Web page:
François Hollande after One Year
The Silent Reformer or Lost in Reform?
The jubilation and fanfare that greeted François Hollande’s election win seems like a distant memory. His first anniversary of President of the Fifth Republic is clouded by dismal approval ratings, terrible press at home and abroad, and widespread confusion about what his government stands for. The change promised for France has not happened, and he is no longer the flag bearer for a different Europe.
For many European commentators and politicians, there is no doubt about Hollande’s central shortcoming: he has yet to get real about fiscal discipline and structural reform. France has only itself to blame for its poor performance, unsustainable welfare state and huge, still increasing public debt.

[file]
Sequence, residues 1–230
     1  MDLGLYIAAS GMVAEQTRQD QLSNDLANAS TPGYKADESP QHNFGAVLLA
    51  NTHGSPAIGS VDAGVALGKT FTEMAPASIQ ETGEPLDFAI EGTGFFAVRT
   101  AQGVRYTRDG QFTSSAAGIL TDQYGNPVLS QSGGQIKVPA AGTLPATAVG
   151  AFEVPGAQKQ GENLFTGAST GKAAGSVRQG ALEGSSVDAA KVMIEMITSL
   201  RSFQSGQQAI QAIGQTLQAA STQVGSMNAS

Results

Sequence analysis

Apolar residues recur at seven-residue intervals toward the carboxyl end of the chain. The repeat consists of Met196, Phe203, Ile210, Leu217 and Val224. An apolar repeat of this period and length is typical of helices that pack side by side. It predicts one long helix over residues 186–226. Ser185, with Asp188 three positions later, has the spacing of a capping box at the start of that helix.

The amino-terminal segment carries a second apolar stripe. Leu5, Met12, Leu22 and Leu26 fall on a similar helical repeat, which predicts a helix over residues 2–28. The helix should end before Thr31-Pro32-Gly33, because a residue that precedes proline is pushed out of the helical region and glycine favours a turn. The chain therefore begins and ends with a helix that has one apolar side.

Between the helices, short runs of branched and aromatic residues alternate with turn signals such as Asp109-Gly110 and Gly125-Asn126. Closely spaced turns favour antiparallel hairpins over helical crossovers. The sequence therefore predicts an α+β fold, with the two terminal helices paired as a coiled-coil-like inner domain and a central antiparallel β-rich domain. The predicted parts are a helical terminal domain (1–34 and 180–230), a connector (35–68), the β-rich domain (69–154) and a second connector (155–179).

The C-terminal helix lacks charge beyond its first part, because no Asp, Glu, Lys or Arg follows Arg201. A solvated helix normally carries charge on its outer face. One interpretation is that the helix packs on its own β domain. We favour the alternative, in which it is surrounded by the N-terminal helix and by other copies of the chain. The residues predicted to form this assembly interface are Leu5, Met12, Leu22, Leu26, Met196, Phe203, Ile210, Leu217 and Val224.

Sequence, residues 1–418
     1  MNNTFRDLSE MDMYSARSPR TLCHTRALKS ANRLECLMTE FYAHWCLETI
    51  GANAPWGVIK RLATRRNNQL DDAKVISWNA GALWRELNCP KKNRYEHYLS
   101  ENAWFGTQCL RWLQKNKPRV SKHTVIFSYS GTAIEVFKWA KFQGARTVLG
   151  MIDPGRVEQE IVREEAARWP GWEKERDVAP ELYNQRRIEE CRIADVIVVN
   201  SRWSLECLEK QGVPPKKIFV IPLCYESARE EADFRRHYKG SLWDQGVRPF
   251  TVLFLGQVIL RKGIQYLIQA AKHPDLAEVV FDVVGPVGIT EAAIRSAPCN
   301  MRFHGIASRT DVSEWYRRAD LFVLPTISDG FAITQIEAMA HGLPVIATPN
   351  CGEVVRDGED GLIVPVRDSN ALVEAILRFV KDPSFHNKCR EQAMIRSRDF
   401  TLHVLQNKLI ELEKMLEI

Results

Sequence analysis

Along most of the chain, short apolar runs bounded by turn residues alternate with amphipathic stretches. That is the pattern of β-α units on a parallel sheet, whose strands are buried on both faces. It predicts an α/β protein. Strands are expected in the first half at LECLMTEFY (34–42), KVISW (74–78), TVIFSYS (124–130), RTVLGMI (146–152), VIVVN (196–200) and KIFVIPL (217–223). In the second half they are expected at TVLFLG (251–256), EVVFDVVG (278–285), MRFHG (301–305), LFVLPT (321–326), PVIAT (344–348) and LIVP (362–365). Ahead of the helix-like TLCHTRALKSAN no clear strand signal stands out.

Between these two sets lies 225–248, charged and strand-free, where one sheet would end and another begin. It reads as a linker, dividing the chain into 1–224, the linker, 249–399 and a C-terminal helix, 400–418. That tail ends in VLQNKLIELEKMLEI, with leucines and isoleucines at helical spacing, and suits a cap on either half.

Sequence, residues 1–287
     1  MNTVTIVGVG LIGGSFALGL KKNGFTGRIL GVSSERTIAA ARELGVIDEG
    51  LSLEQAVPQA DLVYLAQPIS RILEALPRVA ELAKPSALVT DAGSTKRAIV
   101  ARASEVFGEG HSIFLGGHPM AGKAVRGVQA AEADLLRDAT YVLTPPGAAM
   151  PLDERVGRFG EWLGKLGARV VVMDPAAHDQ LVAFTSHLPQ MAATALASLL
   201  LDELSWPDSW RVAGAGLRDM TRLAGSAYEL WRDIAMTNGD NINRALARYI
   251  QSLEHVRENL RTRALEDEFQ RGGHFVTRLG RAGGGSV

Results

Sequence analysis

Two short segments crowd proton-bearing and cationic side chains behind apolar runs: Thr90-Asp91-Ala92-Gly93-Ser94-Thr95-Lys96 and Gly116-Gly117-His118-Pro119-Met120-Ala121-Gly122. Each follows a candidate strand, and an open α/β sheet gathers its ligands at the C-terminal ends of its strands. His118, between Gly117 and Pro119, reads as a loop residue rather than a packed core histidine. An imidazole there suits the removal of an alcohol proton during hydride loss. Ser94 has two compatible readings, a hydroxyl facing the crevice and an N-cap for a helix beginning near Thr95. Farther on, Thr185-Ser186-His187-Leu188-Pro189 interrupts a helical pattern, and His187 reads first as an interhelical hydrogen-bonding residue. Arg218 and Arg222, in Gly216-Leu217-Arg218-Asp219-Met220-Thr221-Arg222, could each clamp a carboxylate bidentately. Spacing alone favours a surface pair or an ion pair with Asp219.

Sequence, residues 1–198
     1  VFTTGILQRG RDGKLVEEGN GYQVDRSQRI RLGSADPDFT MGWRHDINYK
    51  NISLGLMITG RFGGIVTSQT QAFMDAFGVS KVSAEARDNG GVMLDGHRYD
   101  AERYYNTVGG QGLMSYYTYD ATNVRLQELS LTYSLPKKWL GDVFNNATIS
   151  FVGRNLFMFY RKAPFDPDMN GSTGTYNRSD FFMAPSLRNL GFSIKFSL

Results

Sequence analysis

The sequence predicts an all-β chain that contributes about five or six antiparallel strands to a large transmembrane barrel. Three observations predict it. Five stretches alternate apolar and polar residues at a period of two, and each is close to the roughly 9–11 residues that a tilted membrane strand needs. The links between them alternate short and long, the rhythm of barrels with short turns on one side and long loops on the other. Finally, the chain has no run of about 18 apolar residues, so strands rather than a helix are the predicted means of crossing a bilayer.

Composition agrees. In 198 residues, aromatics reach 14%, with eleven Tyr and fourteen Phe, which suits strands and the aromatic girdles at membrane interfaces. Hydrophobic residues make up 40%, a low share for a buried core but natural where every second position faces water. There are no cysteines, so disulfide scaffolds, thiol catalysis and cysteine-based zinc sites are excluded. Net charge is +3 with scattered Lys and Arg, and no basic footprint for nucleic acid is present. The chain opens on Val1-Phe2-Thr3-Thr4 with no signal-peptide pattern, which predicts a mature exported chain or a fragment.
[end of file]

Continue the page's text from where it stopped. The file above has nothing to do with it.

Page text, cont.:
This paper takes a different view: the record of the PS-run government is far from being negligible after one year. There is widespread awareness in Paris about the need to reform the French socio-economic model. The developments of the last few months prove that successful reforms from the Left are possible.
However, this reform programme has to go further. Hollande and his government have to decisively take on vested interests in French society and their critics within the Parti Socialiste. The winners and losers of the inevitable distributional conflicts need to be acknowledged and political capital should be invested less in symbolic gestures around societal modernisation and more in leading a crisis-mode government dedicated to economic rescue.
The paper sets out a detailed account of the first year in office and argues that there is room for a more consistent and far-sighted reform of the French social model as a way to strengthen both competitiveness and social justice.
About the author:
Renaud Thillaye is senior researcher at Policy Network. He works on EU economic governance and comments regularly on French politics. He has a background in regional and local politics in France.